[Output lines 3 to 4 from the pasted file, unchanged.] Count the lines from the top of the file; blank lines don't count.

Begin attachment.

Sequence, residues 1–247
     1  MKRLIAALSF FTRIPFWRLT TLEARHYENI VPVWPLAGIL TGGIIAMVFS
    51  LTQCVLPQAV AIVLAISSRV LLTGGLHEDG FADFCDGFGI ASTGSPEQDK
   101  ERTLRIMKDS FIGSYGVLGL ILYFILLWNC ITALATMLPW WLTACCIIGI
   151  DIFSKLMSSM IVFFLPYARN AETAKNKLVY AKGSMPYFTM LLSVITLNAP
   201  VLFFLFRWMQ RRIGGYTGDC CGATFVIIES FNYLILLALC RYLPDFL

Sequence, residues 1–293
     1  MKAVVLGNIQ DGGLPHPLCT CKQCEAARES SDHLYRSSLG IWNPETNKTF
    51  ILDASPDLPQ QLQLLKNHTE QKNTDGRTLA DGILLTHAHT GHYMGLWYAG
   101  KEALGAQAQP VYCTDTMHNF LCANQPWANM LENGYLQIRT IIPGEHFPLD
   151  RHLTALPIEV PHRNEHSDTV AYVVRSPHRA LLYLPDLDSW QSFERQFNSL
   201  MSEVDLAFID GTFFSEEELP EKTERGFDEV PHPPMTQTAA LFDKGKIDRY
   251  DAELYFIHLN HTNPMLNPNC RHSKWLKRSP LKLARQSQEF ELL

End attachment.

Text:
    51  LTQCVLPQAV AIVLAISSRV LLTGGLHEDG FADFCDGFGI ASTGSPEQDK
   101  ERTLRIMKDS FIGSYGVLGL ILYFILLWNC ITALATMLPW WLTACCIIGI